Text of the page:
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David Teague




Location: Anchorage, Alaska
Joined: 25 Jan 2004

Posts: 409

PostPosted: Fri 18 Jun, 2010 6:03 pm    Post subject: Photos: Running under the atttack and other things to do         Reply with quote

From our last Living History gig.















Cheers,

David

This you shall know, that all things have length and measure.

Free Scholar/ Instructor Selohaar Fechtschule
The Historic Recrudescence Guild

"Yea though I walk through the valley of death, I will fear no evil: for Thou's sword art is with me; Thy poleaxe and Thy quarterstaff they comfort me."


Last edited by David Teague on Sat 19 Jun, 2010 10:42 pm; edited 1 time in total
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Adam D. Kent-Isaac




Location: Indiana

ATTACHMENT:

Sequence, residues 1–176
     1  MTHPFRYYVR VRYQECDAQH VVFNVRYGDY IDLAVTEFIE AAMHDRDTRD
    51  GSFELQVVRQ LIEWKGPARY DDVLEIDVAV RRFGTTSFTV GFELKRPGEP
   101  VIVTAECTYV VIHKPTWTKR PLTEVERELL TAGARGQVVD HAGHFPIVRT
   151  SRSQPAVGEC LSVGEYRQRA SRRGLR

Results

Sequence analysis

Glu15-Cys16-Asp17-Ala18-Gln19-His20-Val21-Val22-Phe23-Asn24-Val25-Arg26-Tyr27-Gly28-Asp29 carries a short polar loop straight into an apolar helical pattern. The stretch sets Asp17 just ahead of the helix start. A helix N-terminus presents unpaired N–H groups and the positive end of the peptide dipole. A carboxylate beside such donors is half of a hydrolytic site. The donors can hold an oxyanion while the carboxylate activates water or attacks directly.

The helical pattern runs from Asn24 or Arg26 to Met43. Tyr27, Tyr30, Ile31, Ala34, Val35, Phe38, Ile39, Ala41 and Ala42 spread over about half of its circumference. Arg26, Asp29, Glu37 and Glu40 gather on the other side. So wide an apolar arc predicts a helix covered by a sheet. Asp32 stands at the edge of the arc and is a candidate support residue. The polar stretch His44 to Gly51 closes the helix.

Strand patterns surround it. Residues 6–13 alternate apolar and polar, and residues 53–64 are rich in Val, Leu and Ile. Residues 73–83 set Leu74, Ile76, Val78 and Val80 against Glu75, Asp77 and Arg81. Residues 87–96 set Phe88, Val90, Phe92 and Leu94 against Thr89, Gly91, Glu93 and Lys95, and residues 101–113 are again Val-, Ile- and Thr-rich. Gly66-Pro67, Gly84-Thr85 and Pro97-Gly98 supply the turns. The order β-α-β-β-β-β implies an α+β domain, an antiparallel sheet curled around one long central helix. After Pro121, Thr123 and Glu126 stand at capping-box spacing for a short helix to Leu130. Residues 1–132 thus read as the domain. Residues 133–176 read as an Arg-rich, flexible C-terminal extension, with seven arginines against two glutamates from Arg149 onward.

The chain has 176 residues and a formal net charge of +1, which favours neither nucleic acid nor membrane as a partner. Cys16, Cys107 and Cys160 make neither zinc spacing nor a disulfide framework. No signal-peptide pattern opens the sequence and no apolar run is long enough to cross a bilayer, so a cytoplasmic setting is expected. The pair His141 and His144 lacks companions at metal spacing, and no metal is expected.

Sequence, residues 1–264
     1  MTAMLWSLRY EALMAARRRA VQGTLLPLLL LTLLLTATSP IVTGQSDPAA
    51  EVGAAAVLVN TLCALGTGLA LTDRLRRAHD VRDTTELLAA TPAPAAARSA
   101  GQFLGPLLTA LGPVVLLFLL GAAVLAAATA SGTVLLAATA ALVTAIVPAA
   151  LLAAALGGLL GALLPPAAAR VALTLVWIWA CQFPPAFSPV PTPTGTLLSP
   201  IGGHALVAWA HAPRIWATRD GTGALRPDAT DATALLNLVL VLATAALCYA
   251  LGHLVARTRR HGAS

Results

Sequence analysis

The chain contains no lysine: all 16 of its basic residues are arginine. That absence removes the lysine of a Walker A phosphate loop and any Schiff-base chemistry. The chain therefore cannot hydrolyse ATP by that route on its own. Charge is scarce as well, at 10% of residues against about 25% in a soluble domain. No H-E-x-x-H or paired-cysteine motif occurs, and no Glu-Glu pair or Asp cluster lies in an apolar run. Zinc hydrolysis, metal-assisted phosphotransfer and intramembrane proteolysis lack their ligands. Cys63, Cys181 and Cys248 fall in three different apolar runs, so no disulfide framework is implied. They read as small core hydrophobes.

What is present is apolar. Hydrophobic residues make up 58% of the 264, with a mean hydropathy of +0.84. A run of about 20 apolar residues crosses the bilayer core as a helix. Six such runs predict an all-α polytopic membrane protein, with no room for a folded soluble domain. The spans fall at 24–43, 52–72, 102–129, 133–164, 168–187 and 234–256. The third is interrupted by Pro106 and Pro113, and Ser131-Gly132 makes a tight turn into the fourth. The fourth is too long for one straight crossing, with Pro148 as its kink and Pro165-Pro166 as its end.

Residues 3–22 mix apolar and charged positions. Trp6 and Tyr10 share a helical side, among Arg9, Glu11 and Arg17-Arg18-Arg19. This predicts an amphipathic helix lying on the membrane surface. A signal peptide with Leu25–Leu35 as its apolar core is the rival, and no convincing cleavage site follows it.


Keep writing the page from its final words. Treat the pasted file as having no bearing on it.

Joined: 21 Apr 2009
Reading list: 2 books

Spotlight topics: 1
Posts: 297

PostPosted: Fri 18 Jun, 2010 6:14 pm    Post subject:         Reply with quote

That is awesome! Thanks for posting.
Pastime With Good Company
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Nicholas Rettig




Location: Alexandria, Virginia
Joined: 12 Jul 2006

Posts: 26

PostPosted: Fri 18 Jun, 2010 9:18 pm    Post subject:         Reply with quote

Very cool, apparently the victor doesn't hold his fingers in very high regard though.
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David Teague




Location: Anchorage, Alaska
Joined: 25 Jan 2004

Posts: 409

PostPosted: Fri 18 Jun, 2010 9:34 pm    Post subject:         Reply with quote

Nicholas Rettig wrote:
Very cool, apparently the victor doesn't hold his fingers in very high regard though.


Yes I do as you can half sword a sharp without losing your fingers. The system has a number of blade grabs both of our own sword or the opponent's. This is demo is straight from the period text.